Thursday, April 23, 2009

Wandering Home, New Mexico

I finally dragged Annie, scratching and clawing out of Arizona.  We stopped in western New Mexico and stayed two nights in a one room cabin just out of the town of Glenwood.  Our first hike took us up a slot canyon called Alma Creek.  Evening light made the adventure even more dream like.  A must see place. At the mouth of the canyon we found the above fence post being eaten by a large tree, sort of taking back its own kind.

This area is a little death valley with all its interesting rock formations except it has water.

Monday, April 20, 2009

Not all roughing it.

Our daughter Faith gifted us with an evening at Camp La Paloma. Yes that's Starbucks coffee.

Friday, April 10, 2009

Oak Creek Canyon, Sedona

A trip to northern Arizona should always include the Sedona area.

Wupatki National Monument

About 30 miles north of Sunset Crater are ancient puebloan dwellings.  Built nearly 1000 years ago it is amazing that so many of the walls are still standing.  The stone work is magnificant. The lines of the walls are beautiful.

It is rugged country and was dry when the inhabitants lived here.  The Navaho's still live just north of here.  I mentioned the wind earlier.  The picture below is the back side of the dust storm blowing out over the Navaho Nation. We were glad to be up wind.

Sunset Crater Volcano

After attending a memorial in Scottsdale for Annie's beloved Aunt Janet and we continued onto a fantastic road trip with our daughter Faith north to the Flagstaff area.  We were searching for a meteor crater (we will have to return to complete that mission, missed by about 50 miles) and ended up at Sunset Crater Volcano National Monument just north of Flagstaff.  Unlike the Chiricahua's this volcano erupted only 800 years ago. It was really windy which actually added to the experience of the area.  The snowy peak in the top picture is Mount Humphrey's at 12,633, the tallest mountain in AZ and another volcano.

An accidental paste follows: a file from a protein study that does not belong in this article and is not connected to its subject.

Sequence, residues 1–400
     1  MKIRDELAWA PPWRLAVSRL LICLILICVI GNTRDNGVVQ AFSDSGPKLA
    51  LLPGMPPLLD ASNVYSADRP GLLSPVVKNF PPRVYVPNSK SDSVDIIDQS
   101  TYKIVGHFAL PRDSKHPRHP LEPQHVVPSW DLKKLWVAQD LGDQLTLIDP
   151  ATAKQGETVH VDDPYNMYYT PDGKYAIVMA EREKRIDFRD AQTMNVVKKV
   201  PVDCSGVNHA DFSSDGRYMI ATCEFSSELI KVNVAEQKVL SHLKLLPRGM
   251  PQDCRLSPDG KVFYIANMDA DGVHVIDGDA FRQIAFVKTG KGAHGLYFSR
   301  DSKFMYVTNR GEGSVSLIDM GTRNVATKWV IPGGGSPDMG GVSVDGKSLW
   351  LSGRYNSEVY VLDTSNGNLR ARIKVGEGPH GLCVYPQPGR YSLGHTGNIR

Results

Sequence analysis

Native Americans were living in the area during the eruptions.  The volcanic ash that settled on the surrounding land actually supported Native Americans agriculture for another century by adding nutrients to the soils.
Archeological discoveries indicate that there were enough earth quakes before the actual explosion that the Natives had moved out of the pit houses that were buried under ash flows.

The volcano spewed ash and had side vent lava flows.

Chiricahua Mountains

East of the Dragoon Mountains are the Chiricahua Mountains which includes the Chiricahua National Monument.  These are volcanic mountains including the remnants of a volcanic rim and the ash that it blew out. (This happened millions of years ago and erosion has exposed the solidified ash flows into columnar pillars) Rising up out of the desert to around 9000 ft. there is water that flows in the creeks.  We found this abandoned orchard in bloom up Turkey Creek. Turkeys have been reintroduced here and they were gobbling just on the other side of these trees.

Saturday, April 4, 2009

Paintings, Cochise Stronghold

Two oils from Cochise Stronghold

Paintings, Saguaro East

Two oil paintings from Saguaro East National Park

Cochise Stronghold

The Dragoon Mountains in South East Az were a hideout for Cochise and his Apache tribe.  The eroded volcanic ash rocks create a complex maze of canyons and hidden valleys.
The valleys are covered with a complex of oaks and other vegetation.  We camped for three nights and enjoyed every minute.

Agave's can really grow large in the right conditions.
We took an afternoon hike on a less traveled trail and discovered caves with pictographs on the ceilings. They were small overhangs with black smoke still on the ceilings in the backs of the caves.  A very magical experience to see these paintings on the rocks.